CA1244139A - Microwave waveform receiver - Google Patents

Microwave waveform receiver

Info

Publication number
CA1244139A
CA1244139A CA 497407 CA497407A CA1244139A CA 1244139 A CA1244139 A CA 1244139A CA 497407 CA497407 CA 497407 CA 497407 A CA497407 A CA 497407A CA 1244139 A CA1244139 A CA 1244139A
Authority
CA
Grant status
Grant
Patent type
Prior art keywords
signal
means
digital
sampling
samples
Prior art date
Legal status (The legal status is an assumption and is not a legal conclusion. Google has not performed a legal analysis and makes no representation as to the accuracy of the status listed.)
Expired
Application number
CA 497407
Other languages
French (fr)
Inventor
Larry J. Conway
William D. Cornish
Paul I. Pulsifer
Current Assignee (The listed assignees may be inaccurate. Google has not performed a legal analysis and makes no representation or warranty as to the accuracy of the list.)
Canada Minister of National Defence
Original Assignee
Canada Minister of National Defence
Priority date (The priority date is an assumption and is not a legal conclusion. Google has not performed a legal analysis and makes no representation as to the accuracy of the date listed.)
Filing date
Publication date
Grant date

Links

Classifications

    • GPHYSICS
    • G01MEASURING; TESTING
    • G01RMEASURING ELECTRIC VARIABLES; MEASURING MAGNETIC VARIABLES
    • G01R19/00Arrangements for measuring currents or voltages or for indicating presence or sign thereof
    • G01R19/25Arrangements for measuring currents or voltages or for indicating presence or sign thereof using digital measurement techniques
    • G01R19/2506Arrangements for conditioning or analysing measured signals, e.g. for indicating peak values ; Details concerning sampling, digitizing or waveform capturing
    • G01R19/2509Details concerning sampling, digitizing or waveform capturing
    • GPHYSICS
    • G01MEASURING; TESTING
    • G01RMEASURING ELECTRIC VARIABLES; MEASURING MAGNETIC VARIABLES
    • G01R23/00Arrangements for measuring frequencies; Arrangements for analysing frequency spectra
    • G01R23/16Spectrum analysis; Fourier analysis
    • G01R23/175Spectrum analysis; Fourier analysis by delay means, e.g. tapped delay lines

Abstract

ABSTRACT OF THE DISCLOSURE
A microwave signal receiving apparatus comprises a delay line for distributing a microwave signal, samplers for sampling the signal spatially along the delay line and producing analog samples, analog-to-digital converters for converting the analog samples to digital samples, and digital memories associated with each converter for storing the digital samples.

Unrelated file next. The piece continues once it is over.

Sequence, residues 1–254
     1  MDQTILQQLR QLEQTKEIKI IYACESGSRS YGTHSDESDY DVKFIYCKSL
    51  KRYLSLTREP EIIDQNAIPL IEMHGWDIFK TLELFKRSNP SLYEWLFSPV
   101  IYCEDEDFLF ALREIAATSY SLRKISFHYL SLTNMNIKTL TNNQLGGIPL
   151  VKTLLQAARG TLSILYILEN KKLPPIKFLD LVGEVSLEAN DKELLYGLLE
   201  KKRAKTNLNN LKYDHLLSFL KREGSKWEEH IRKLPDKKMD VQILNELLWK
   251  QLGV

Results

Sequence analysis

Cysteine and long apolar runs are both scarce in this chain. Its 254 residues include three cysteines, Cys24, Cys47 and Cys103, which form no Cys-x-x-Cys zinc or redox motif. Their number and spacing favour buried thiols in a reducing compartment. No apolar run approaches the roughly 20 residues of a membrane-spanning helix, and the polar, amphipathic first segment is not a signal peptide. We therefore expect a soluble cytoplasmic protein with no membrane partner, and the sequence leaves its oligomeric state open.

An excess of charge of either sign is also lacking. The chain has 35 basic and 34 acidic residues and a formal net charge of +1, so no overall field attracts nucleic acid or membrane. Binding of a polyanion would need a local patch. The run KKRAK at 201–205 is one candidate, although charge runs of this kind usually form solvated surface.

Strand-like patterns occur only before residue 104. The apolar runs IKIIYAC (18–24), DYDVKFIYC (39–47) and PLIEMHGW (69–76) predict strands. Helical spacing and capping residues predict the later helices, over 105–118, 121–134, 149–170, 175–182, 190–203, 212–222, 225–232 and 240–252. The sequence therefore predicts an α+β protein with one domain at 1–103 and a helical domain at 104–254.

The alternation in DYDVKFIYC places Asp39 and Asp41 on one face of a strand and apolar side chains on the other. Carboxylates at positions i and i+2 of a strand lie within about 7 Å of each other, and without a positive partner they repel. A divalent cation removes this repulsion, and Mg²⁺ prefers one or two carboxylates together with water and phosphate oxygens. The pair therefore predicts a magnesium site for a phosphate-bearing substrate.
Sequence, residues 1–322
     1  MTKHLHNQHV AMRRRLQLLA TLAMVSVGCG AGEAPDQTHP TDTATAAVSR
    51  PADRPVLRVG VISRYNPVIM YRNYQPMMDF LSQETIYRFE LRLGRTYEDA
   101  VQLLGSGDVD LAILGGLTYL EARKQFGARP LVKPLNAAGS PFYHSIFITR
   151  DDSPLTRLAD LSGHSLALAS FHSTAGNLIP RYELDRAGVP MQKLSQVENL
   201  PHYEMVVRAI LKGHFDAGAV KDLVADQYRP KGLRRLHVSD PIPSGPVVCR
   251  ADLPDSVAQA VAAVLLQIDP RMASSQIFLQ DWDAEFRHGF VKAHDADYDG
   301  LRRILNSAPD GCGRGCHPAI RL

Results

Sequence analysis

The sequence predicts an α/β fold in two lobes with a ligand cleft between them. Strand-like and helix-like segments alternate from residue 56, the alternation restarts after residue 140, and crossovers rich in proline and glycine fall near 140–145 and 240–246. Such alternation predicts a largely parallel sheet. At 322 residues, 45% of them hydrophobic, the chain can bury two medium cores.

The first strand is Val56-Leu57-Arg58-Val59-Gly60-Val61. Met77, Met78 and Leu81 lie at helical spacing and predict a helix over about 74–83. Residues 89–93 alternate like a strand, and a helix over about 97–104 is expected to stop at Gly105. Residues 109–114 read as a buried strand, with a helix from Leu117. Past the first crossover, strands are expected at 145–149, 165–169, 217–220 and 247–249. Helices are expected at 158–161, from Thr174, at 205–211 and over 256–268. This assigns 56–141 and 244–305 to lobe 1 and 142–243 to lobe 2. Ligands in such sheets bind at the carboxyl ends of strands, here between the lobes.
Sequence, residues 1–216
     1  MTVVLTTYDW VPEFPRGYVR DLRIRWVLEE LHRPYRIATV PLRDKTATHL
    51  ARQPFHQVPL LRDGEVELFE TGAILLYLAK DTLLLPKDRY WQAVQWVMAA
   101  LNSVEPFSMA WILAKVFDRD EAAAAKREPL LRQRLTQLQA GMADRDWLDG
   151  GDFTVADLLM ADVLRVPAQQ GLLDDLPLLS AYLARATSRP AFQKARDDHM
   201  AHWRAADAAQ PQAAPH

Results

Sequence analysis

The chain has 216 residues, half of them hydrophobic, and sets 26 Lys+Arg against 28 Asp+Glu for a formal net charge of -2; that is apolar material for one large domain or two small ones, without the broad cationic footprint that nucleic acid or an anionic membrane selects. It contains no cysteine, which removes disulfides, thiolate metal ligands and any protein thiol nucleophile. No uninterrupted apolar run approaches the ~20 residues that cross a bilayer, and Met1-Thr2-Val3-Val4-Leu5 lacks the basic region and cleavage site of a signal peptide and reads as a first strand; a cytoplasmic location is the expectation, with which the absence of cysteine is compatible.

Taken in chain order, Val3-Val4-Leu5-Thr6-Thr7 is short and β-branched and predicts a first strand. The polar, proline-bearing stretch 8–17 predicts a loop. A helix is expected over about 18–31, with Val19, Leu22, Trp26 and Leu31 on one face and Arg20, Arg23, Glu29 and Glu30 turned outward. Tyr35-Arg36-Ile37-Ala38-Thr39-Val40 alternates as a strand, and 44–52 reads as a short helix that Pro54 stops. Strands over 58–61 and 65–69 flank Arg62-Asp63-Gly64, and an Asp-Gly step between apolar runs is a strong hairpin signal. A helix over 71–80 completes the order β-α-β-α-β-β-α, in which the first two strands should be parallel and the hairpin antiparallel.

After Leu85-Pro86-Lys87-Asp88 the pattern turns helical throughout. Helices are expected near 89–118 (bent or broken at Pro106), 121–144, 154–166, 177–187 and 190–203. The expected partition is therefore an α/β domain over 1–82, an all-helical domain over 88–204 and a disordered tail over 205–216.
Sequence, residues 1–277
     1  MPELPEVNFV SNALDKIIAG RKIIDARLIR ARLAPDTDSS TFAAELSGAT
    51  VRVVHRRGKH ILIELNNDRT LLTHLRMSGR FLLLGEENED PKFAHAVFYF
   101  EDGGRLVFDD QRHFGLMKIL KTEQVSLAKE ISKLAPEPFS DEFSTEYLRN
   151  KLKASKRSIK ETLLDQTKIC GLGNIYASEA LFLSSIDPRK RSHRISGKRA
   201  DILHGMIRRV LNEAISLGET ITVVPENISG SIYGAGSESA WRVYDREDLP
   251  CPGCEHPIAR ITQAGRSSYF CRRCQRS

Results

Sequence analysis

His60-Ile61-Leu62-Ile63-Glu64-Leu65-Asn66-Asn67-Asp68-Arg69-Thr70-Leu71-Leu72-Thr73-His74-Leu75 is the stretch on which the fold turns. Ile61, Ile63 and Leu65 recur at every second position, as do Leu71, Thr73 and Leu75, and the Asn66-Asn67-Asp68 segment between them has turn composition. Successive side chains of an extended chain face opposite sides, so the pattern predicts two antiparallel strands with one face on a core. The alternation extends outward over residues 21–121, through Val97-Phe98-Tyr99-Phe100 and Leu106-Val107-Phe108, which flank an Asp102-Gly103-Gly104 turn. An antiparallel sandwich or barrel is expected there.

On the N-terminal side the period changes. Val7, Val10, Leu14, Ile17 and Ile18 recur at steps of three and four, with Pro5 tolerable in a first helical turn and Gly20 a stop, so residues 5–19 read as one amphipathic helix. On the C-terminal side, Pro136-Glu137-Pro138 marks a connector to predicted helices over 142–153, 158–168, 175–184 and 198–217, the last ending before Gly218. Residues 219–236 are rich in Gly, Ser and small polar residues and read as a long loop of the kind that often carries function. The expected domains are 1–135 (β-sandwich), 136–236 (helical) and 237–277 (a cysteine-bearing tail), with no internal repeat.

Description

` ~2~3~9 The present invention relates to a method and an apparatus for acquiring, storing and analyzing single or multiple simultaneous wideband complex radio frequency (RF) signals.

BACKGROUND OF THE INVENTION
A present method of acquiring, storing and analyzing RF
signals is to down-convert an RF signal to an intermediate frequency (IF) by local oscillator mixing for sampling and digitization using existing technology. The digital words generated by the analog to digital conversion process are stored in a digital memory. Once stored the con-tents may be accessed by a processor unit and analyzed. The drawback of this method is a limitation on the maximum instantaneous bandwidth. Since the process involves down conversion and serial digitization, -the maximum instantaneous bandwidth is set by the speed of the current digitization, analog-to-digital (A/D) conversion and digital memory processes. This limits the instantaneous bandwidth to several hundred MHz.

Another method of acquiring, storing and analyzing RF
signals employs the strobe principle as employed in sampling oscilloscopes. In sampling oscilloscopes, a voltage sample is taken at a discrete point on an input signal. Subsequent waveforms are sampled at later discrete points in order to obtain the overall waveforms. A drawback of this method is that, although it is capable of handling extremely wide instantaneous bandwidths, the technique is restricted to repetitive signals.
It cannot handle transient signals or complex waveforms which vary continuously.

SUMMARY OF THE INVENTION
The present invention employs a distributed sampling technique to acquire RF signals over wide RF bands to allow complex signal analysis, including analysis either at near real-time or at some time after acquisition, to be performed on the acquired signals.

i3~
In accordance wi-th one aspect of the present invention, there is provided a method of acquiri.ng a signal to be analyzed, comprising distributing the signal along a delay line, simultaneously sampling the delay line at a plurality of discrete points therealong to produce a plurality of analog samples;
converting each of the analog samples to a digital sample, and storing each of the digital samples in a predetermined memory location.